Formula 1: Will Michael Schumacher Be Fired from Mercedes GP?
Is the curtain coming down on Michael Schumacher’s disappointing return to Formula One?
While Lewis Hamilton’s future catches all of the headlines with the McLaren vs. Mercedes bidding war, the obvious question is: Who would be leaving to give up the seat in the Silver Arrow?
While ESPN F1 reports that Mercedes are still claiming to be in negotiations with Schumacher, it has become clear that the decision is no longer Schumacher’s alone.
In fact, it is becoming apparent that Schumacher may well be negotiating to drive only if Mercedes is unable to lure Hamilton away from McLaren.
That would be a terrible way for the seven-time world champion to draw a line under a remarkable career. Over 19 seasons, he accumulated seven world titles and 91 race wins. He led 142 races, and covered 5,111 laps and over 24,000 kilometres leading races.
But he hasn’t added to any record of significance since he returned.
A straight comparison of the two Mercedes teammates shows that Schumacher has been comprehensively outclassed by Nico Rosberg.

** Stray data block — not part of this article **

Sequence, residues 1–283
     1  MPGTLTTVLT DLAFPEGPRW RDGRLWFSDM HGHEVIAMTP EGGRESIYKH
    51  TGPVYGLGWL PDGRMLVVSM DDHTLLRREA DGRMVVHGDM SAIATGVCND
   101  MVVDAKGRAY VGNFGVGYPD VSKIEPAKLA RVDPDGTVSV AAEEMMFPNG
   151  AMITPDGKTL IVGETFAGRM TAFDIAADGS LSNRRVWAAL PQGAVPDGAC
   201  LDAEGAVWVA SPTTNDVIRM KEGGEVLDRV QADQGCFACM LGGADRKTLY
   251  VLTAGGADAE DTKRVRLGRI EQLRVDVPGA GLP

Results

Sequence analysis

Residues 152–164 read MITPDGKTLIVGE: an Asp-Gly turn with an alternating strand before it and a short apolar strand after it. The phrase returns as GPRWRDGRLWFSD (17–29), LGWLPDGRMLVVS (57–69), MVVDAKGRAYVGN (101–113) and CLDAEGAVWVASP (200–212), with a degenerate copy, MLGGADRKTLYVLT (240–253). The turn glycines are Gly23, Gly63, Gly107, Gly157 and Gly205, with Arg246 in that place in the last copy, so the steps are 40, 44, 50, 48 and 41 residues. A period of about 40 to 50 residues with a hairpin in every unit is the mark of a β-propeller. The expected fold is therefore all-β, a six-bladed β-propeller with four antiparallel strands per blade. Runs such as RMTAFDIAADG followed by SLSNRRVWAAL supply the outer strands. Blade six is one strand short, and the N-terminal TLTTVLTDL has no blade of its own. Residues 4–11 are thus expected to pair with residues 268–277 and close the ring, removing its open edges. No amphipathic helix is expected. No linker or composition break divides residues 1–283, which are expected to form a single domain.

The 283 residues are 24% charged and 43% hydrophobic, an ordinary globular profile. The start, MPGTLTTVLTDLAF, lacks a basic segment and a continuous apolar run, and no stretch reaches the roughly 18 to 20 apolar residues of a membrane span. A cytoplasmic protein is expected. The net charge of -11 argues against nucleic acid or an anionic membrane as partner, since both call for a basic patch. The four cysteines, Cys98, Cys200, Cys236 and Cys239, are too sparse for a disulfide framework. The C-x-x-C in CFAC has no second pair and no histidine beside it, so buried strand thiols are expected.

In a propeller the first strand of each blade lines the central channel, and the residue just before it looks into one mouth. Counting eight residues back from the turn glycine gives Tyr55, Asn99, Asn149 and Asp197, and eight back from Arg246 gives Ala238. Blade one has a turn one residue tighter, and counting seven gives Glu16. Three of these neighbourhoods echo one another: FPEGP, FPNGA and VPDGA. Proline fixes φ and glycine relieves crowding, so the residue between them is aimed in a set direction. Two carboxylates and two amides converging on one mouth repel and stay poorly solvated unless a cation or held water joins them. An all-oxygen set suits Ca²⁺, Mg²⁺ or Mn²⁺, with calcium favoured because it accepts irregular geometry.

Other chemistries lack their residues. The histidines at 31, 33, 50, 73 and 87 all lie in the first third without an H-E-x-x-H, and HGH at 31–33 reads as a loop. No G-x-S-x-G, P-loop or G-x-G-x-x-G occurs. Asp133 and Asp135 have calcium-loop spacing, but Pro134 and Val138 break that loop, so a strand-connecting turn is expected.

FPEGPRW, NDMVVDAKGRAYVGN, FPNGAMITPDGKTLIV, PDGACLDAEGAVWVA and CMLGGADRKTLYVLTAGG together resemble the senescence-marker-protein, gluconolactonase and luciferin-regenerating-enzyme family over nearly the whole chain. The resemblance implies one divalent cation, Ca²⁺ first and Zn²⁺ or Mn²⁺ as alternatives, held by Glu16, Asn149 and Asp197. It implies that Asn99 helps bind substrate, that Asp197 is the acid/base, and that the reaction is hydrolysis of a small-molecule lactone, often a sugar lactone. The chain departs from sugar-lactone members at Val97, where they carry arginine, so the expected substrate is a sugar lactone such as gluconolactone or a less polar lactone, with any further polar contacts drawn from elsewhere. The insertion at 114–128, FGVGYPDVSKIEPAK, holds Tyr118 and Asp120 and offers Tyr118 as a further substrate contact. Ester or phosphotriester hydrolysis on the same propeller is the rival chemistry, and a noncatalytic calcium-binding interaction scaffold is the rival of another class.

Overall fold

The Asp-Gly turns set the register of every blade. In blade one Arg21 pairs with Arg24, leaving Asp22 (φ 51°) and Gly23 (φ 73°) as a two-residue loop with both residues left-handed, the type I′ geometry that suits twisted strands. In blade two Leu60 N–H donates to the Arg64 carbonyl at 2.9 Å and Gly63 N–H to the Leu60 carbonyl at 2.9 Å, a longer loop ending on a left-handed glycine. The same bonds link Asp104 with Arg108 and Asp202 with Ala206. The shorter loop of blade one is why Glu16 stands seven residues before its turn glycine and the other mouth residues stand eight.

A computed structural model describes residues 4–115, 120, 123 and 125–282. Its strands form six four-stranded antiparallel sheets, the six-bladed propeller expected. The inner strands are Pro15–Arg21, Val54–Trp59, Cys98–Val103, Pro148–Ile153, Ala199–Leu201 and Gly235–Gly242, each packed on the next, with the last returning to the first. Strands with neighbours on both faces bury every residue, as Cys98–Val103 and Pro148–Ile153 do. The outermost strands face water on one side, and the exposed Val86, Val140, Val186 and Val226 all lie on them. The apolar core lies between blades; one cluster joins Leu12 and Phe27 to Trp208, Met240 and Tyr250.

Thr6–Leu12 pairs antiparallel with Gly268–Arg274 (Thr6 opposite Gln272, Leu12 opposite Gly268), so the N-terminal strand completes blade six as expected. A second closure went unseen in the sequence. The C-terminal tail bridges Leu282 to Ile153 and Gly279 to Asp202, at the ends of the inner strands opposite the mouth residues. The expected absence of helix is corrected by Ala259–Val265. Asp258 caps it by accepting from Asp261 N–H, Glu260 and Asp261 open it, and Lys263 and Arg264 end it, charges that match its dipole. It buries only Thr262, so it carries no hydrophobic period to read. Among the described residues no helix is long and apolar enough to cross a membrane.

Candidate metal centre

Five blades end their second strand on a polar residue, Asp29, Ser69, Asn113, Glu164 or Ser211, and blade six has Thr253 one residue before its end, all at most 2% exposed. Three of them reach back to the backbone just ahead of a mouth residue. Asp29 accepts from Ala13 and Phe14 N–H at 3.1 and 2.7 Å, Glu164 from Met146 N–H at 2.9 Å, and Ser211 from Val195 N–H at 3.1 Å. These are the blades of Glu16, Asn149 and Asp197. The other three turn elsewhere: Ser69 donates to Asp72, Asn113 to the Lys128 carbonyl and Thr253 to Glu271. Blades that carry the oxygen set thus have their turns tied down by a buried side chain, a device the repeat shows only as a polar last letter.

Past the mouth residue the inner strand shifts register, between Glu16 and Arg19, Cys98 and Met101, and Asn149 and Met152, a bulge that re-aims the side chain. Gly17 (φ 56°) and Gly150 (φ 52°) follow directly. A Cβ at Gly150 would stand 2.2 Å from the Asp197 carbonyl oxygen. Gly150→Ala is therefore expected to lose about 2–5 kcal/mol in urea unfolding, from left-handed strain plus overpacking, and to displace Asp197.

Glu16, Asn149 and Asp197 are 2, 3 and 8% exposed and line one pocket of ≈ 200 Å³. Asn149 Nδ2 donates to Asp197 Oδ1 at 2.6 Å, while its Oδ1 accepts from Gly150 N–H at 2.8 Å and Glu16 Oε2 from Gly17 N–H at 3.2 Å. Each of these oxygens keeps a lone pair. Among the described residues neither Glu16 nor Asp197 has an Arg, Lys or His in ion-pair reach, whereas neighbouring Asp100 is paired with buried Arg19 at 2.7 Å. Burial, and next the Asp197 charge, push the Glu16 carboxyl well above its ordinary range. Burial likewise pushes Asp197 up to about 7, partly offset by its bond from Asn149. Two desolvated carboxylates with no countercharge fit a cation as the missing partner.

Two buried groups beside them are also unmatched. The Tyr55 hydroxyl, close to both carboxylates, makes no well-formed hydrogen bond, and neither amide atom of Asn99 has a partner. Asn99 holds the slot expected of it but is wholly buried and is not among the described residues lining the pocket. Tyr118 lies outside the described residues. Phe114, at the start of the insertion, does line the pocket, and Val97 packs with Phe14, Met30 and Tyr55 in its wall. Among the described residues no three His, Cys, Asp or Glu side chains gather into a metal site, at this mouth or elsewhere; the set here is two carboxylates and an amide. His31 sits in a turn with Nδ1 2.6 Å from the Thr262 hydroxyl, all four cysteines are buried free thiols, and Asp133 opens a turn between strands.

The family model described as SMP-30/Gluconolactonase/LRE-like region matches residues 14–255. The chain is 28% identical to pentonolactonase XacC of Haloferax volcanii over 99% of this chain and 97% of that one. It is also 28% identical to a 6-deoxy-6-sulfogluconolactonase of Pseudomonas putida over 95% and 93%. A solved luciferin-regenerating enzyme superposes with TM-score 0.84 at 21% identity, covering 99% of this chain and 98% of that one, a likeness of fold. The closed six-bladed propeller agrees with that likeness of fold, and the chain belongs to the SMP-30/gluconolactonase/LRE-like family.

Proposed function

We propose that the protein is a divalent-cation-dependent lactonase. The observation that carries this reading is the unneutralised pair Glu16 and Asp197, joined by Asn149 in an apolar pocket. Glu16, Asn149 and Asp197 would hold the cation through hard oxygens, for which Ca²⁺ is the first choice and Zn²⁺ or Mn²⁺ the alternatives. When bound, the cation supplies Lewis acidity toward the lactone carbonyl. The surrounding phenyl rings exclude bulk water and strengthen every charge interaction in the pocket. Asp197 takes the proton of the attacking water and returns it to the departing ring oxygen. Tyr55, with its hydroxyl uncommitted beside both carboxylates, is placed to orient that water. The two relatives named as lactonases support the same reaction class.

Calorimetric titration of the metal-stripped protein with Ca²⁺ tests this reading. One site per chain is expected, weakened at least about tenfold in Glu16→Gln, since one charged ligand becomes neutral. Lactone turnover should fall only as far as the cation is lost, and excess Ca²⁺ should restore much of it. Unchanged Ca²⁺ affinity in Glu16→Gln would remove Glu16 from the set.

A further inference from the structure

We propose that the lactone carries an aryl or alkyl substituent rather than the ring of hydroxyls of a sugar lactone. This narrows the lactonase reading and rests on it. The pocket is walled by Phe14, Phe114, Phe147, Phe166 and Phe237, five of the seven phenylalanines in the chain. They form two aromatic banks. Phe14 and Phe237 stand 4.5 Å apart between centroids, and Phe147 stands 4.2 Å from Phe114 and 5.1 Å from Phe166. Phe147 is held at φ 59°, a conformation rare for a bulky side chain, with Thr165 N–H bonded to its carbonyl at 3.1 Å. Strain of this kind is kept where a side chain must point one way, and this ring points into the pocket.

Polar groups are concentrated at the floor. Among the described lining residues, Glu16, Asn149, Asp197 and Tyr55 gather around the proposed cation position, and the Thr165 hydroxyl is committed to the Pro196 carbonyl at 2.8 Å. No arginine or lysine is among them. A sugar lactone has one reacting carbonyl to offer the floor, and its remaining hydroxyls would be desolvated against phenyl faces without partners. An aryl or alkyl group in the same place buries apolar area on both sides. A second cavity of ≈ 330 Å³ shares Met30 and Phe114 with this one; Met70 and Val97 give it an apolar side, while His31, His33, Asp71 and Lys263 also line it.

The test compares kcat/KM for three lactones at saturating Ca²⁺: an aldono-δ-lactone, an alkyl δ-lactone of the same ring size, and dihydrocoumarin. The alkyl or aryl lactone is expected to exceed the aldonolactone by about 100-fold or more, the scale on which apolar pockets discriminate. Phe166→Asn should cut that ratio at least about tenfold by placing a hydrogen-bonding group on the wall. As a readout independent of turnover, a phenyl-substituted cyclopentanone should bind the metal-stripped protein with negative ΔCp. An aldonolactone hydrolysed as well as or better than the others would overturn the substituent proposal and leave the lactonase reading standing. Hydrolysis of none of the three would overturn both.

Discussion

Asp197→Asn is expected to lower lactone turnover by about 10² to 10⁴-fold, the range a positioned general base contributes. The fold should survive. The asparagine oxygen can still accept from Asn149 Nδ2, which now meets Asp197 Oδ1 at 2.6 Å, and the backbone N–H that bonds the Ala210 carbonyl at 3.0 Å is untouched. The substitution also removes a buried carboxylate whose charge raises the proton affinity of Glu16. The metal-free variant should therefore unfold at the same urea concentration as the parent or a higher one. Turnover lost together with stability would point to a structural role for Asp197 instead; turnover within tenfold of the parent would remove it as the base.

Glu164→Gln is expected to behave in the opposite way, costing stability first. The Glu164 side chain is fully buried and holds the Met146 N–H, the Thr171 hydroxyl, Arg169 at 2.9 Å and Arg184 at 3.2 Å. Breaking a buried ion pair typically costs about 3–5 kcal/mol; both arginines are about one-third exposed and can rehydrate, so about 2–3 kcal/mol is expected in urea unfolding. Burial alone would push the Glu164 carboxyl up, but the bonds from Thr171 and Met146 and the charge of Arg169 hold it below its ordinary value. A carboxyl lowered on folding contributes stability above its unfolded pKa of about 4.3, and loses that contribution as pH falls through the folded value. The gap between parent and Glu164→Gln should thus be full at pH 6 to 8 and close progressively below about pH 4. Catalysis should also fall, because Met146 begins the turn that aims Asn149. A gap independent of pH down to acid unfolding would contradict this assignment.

In the 52 races since his return, Rosberg has outscored the seven-time world champion by a ratio of 3-to-2. This year it’s better than 2-to-1.
Schumacher has only graced the podium once since his return (at third place), Rosberg has been on the podium five times in the same period, and has won the only race for the most recent iteration of Mercedes GP.
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Schumacher’s fans will immediately leap to his defence and point out that he has had tremendously bad luck when it comes to car failures. While there’s no doubt that he’s had reliability issues, you have to wonder how much his driving style is contributing to that.
It’s easy to understand why Mercedes wanted Schumacher as the face of the team. A German legend driving a legendary German marque—it’s a marketing dream.
But F1 is all about winning races, and that hasn’t happened for Mercedes with Schumacher.
Bringing him back was a romantic notion, as the thought of him coming out of retirement and reliving old glories certainly had appeal. But there was a reason that Schumacher retired when he did.
If Mercedes replace Schumacher with Hamilton, it will be an ignominious end to an ill-advised return to motorsport’s top-flight. He’ll probably be allowed to retire again, but it won’t fool anyone.
He deserves better.
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